I hope that all of the work to get there will seem, "worth it." It always does if there is a nice hamon underneath it all.

There almost always is!

thanks for looking, I know progress is boring at this point.

kc
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Nik
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Re: were shorter jian common before 19th-20 Century

Post by Nik » Mon Oct 24, 2011 7:04 am

My eyelight may fail me here, but could it be that the top 40% of the blade have a 3-4 degrees angle to the first 60%, i.e. it isn't entirely straight but also not curved ? Somehow an unusual blade layout ?

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Re: were shorter jian common before 19th-20 Century

Post by kevin (the prof) » Mon Oct 24, 2011 3:00 pm

Nik - that is an effect that happens much of the time when you have clay on the back of a blade. You get a small induced curvature. It is taken to extreme by the Japanese smiths, who use this effect to create all or most of the curve in their blades. I think this is one of the reasons that the Japanese started making blades with the curves they did. If you try to lay out a perfectly straight sword like a Tang dao, but you quench edge down in water, and coat the back with clay, you get the traditional wakizashi/katana shape. It is called "sori" by the Japanese.

I don't know the Chinese term for quench-induced curvature, but there would have been one.

Interesting aside - I quenched in water, then oil, in an interrupted pattern.

If I had used only water, the sori would have been very pronounced "positive" or tip-up.

If I had used only oil, the sori would have been very pronouned "negative" or tip-down.

As it is, with the combo, I got a slight positive sori.

good eyes.

kc

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Re: were shorter jian common before 19th-20 Century

Post by kevin (the prof) » Wed Nov 02, 2011 5:05 am

!@#$$%^^&&*

This project is dead!

Honestly, it is dead because I did not like the line from heat treating. This led to re-heat treating and some more adjustments because they always warp a little in heat treatment. The adjustments on something this close to final size led to dings and dents that are more than the blade can spare. For a non-bladesmith, the difference may not have been noticeable. It probably would be noticeable for someone who did a lot of cutting. If I took off all of the material needed to get rid of the dents and dings, there would be one ridge of the blade that stood slightly farther out from the middle of the blade than the other. If I would have ground to bring this bevel back down, the whole thing would have been too thin and not balanced. Most importantly, it would not have been stiff enough.
No good.

I lose about 1/3 or 1/5 of the swords I attempt. This was the first one with a new design. These thing happen. Makes each sword just that much more valuable.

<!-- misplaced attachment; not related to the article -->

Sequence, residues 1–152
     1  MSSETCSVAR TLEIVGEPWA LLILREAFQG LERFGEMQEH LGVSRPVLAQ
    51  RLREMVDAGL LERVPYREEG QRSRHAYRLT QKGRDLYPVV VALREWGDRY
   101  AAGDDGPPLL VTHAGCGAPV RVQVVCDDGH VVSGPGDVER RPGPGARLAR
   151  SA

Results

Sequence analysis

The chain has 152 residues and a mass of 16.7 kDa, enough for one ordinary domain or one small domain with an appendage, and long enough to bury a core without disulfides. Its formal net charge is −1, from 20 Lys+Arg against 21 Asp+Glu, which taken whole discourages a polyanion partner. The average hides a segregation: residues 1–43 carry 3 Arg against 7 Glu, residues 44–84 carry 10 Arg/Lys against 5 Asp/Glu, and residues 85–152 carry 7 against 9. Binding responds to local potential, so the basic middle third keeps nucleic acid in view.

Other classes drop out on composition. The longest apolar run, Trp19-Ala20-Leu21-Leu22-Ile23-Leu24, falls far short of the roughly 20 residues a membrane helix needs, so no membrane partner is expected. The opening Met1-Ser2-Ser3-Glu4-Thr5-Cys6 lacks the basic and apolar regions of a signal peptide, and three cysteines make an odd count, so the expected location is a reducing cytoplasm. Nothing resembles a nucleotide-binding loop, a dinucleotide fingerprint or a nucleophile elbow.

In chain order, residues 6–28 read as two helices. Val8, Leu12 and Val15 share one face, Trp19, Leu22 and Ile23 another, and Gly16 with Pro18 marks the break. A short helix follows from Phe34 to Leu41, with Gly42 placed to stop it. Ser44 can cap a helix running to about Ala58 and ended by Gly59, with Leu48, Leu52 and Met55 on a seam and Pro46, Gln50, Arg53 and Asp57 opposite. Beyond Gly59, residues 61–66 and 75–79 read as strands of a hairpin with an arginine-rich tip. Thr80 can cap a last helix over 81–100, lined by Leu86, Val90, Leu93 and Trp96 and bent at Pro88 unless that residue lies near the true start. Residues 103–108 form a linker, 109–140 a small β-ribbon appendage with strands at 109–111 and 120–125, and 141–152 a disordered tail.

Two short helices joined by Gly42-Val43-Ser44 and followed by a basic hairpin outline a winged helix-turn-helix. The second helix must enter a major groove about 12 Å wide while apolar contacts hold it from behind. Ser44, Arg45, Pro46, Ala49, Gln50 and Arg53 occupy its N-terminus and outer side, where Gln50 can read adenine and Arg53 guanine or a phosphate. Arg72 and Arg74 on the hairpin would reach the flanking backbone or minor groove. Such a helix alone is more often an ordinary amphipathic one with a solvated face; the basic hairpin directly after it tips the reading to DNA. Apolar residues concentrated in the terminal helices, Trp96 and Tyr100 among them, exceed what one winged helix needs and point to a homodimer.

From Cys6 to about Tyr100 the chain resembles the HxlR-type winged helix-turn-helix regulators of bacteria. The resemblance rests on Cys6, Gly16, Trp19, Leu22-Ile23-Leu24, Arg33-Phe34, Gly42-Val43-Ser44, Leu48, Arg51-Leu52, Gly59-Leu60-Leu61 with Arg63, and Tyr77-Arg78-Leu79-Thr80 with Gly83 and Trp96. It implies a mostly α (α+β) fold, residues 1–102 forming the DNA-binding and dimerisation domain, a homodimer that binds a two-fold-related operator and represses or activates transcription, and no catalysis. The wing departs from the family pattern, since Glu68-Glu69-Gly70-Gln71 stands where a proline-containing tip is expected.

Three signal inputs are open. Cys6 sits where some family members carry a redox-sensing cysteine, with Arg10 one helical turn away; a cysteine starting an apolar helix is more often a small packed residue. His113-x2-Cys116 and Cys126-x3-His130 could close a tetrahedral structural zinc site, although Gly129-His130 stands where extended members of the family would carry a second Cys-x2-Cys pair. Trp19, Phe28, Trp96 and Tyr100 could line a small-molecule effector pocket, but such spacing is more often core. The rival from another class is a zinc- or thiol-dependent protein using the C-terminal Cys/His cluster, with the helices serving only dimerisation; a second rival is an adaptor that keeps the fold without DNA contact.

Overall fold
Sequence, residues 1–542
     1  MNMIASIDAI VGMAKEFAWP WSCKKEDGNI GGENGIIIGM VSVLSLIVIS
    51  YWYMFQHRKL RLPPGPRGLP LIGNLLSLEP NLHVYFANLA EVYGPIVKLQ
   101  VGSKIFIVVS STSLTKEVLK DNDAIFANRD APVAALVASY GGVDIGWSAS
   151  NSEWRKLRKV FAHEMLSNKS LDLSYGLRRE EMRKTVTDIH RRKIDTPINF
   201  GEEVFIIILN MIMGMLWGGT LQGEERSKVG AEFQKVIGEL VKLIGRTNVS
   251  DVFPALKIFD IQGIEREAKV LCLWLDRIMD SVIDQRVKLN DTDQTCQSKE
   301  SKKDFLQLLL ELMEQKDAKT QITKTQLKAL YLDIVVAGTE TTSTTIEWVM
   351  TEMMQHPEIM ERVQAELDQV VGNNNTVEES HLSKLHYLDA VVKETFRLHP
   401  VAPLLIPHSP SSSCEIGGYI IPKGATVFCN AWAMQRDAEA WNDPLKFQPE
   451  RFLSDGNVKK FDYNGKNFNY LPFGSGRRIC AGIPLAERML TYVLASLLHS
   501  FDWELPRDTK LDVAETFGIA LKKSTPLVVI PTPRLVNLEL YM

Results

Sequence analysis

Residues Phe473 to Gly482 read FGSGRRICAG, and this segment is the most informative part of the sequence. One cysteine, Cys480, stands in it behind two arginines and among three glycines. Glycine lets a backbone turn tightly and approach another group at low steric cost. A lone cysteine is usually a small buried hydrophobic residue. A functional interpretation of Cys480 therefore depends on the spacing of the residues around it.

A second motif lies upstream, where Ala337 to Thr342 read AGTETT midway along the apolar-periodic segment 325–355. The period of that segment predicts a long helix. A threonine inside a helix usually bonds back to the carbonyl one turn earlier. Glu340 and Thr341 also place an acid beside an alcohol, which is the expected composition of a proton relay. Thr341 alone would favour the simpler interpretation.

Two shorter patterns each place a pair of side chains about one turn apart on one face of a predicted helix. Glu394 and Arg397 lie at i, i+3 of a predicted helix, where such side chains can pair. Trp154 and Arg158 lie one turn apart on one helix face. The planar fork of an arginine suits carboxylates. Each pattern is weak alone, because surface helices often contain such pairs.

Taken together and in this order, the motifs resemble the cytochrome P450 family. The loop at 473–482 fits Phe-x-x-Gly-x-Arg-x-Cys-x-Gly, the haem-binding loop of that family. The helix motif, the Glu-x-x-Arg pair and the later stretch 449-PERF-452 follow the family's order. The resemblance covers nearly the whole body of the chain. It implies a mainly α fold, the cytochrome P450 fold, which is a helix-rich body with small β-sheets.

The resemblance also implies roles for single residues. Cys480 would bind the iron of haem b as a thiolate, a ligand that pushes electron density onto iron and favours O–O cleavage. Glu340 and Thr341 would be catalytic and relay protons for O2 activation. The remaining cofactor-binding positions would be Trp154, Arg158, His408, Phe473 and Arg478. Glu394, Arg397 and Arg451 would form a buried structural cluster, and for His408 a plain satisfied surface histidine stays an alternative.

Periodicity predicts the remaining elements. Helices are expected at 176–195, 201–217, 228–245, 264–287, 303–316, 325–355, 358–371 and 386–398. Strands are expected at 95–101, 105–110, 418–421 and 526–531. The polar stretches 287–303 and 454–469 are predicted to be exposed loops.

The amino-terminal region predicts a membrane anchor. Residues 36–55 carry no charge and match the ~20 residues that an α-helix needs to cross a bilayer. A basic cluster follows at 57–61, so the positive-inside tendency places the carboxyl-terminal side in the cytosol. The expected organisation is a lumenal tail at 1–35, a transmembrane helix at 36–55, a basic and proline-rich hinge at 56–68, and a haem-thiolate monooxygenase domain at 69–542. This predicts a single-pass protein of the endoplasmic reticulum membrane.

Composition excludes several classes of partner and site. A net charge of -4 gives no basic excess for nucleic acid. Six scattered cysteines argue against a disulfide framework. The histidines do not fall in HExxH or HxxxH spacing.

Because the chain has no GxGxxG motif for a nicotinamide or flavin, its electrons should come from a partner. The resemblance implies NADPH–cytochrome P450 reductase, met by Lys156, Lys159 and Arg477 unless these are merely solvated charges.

the type of flaw I am speaking of here would not be something most could or would ever see or feel, but it is outside of my own personal tolerances.


now, what do I want to try next?

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Re: were shorter jian common before 19th-20 Century

Post by Scott M. Rodell » Mon Mar 19, 2012 9:20 am

Sorry to be commenting so late in the game...

Concerning the duanjian in the above photos, these are not good examples of what we might call combat jian. A fair number of these have turned up with similar or the same fittings. And though that often have fairly good blades, they lack sufficient weight or length to be effective employed in real combat. What this type of duanjian was originally made for is not known, but I suspect there main purpose was something like fengshui, or as gifts for the scholar to decorate his studio, much as wall hangers are made today.

There does appear to have been an increase in the popularity of duanjian during the late 19th c., as we encounter duanjain from that period in fairly large numbers & as a greater percentage than from the 18th c. The likely reason for this is the increasing instability of society as the Qing dynasty began its decline. Village & town defense fell to local militia, as did much of the offense against rebel groups. These militia (& eventually provincial armies) were organized & lead by the literati/landed gentry, who, by the way, had a very real stake in the status quo. These literati liked carried duanjian for both self defense & as a sign of their position in society, as opposed to carrying dao like military officials.

Concerning the effective use of duanjian, having handled a fair number of antique period pieces & having cut with modern duanjian, it is clear that a minimum length of 24" & weight of no less than 1 1/2 lb. is necessary for effective swordplay. Shorter duanjian handle & play more like long dagger than short swords. Furthermore, they lack the mass or balance to effectively deflect the type of weapons one would have encountered in either self defense or running street battles. On the other hand, duanjian 24 to 26" in length are an excellent choice of weapon for crowed city streets or back alley, where a full length could be encumbered.